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When should I update my will?

An inheritance dispute is more likely to arise when someone fails to write a will or doesn’t ensure the document is updated regularly. After all, there are many life-changing events that could affect how you want to distribute your assets when you die.

NSW Trustee and Guardian suggests reviewing your will either every five years, or when there is an important milestone in your life that might change your financial priorities.

Here are some examples of when reassessing your estate planning needs is recommended. Otherwise your assets could be the subject of a challenge on your will.

1. Marriage

Your wedding day is likely to be among the most important events of your life. However, any previous will you’ve written becomes automatically invalid when you tie the knot.

It is therefore crucial to update the document soon after you get married to avoid any confusion over your intended beneficiaries.

2. Divorce or separation

Sadly, not all couples stay together, which is why you should revise your will after separating or divorcing a spouse.

Some parts of your will may be revoked when you divorce, such as when you’ve made your wife or husband an executor, trustee or guardian. Any gifts given to former spouses may also be cancelled.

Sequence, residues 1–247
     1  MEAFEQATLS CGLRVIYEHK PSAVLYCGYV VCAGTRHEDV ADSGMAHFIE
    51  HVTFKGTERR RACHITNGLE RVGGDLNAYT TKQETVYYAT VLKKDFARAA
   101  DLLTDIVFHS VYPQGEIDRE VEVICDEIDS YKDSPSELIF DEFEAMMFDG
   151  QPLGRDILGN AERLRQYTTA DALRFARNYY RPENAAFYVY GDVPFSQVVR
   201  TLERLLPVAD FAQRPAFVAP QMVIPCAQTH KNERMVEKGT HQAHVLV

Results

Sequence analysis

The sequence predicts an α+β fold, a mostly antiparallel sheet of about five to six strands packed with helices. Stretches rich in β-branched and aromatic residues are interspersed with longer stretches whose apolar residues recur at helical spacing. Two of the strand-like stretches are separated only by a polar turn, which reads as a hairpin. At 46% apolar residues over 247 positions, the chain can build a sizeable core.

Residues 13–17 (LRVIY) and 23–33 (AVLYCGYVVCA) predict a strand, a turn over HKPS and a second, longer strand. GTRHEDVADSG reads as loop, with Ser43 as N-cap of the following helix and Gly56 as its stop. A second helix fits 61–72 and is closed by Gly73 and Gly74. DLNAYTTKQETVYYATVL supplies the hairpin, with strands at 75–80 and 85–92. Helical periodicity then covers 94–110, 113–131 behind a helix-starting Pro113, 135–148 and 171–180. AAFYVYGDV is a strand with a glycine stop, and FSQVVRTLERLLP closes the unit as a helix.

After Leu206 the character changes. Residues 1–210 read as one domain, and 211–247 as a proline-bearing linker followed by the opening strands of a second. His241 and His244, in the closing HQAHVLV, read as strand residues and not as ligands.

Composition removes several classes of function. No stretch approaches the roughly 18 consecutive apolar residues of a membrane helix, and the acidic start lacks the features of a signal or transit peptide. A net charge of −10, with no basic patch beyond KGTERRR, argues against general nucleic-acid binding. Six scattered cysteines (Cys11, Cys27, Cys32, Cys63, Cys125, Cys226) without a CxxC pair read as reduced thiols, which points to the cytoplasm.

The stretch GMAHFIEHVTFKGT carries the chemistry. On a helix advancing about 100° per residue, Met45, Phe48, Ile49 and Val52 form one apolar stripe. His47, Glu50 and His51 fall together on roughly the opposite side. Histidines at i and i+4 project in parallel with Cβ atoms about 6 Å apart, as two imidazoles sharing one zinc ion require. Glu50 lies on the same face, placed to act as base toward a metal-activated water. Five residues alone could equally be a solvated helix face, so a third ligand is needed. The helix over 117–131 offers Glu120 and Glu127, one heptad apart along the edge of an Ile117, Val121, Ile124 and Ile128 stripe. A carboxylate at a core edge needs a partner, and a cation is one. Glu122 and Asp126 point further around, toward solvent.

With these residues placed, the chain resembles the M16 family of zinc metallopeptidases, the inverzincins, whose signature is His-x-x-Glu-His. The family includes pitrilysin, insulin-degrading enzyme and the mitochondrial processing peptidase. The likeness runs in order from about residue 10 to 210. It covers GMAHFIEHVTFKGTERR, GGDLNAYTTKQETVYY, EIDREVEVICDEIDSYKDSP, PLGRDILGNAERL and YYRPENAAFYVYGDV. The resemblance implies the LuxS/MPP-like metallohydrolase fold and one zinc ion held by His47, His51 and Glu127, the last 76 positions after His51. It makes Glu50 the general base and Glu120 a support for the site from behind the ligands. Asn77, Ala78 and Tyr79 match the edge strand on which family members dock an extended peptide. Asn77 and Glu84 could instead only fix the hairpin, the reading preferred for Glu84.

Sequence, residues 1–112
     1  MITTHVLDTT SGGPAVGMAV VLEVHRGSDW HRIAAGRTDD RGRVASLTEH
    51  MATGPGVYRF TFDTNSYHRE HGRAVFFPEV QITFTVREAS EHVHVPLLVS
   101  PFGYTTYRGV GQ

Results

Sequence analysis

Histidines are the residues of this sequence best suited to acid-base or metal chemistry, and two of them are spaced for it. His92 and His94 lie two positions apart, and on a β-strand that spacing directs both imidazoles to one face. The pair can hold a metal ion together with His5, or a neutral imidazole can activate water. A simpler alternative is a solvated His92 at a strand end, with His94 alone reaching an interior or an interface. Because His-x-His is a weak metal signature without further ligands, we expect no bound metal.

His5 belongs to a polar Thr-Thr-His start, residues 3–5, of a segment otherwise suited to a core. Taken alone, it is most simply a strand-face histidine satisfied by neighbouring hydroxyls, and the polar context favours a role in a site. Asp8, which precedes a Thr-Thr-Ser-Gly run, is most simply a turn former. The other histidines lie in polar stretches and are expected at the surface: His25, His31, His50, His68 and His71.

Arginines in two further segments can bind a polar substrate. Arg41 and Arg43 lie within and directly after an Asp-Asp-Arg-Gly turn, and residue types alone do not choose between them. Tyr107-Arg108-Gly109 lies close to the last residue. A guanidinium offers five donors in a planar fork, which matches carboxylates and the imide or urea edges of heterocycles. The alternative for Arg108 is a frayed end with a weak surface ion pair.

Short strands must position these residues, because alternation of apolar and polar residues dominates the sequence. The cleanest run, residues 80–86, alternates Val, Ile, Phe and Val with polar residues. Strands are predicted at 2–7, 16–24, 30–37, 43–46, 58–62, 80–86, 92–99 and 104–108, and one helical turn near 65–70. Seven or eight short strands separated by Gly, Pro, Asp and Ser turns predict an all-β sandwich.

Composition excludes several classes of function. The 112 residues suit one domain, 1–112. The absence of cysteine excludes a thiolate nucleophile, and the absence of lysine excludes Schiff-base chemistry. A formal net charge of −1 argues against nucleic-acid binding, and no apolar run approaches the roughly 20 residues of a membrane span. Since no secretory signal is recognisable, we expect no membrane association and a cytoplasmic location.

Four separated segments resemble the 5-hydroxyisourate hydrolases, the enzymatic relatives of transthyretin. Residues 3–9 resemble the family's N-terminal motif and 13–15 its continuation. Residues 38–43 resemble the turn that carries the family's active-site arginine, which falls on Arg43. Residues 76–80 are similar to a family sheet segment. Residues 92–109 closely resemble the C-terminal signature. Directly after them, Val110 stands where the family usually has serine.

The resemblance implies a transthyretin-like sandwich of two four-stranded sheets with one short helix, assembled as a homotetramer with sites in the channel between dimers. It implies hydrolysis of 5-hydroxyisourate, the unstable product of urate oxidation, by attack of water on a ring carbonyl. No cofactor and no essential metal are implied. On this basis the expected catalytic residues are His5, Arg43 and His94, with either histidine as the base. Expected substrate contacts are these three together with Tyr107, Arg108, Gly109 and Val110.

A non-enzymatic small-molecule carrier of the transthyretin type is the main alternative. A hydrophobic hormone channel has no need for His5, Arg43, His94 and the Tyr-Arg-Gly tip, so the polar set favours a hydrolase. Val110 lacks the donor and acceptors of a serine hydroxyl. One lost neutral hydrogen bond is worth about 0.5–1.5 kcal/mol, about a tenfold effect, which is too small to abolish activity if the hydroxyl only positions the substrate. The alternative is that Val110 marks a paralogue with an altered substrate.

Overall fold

3. Children

Many people leave a significant proportion of their estate to their children, so you’ll want to ensure they are clearly mentioned in your will.

This is particularly important if your sons or daughters are younger than 18 because they are more likely to need financial support if the unspeakable happens. You may also want to update your will when any grandchildren are born.

4. Executor incapacity

An executor is an extremely important person in your estate planning processes. They perform a number of tasks upon your death, including taking an inventory of your assets, paying any debts or expenses and distributing your estate.

Therefore, you must review your will if an executor predeceases you or become otherwise incapacitated. You may also want to change your will if the relationship between you and your executor becomes strained.

5. Beneficiary dies

A beneficiary passing away before you may necessitate updating your will. However, a way to avoid this is to name substitute individuals who can take the place of a beneficiary who has died.

Alternatively, you may decide to simply distribute the deceased’s share of the assets among the remaining beneficiaries.

© 2021 
Contesting Wills
 — Gerard Malouf & Partners

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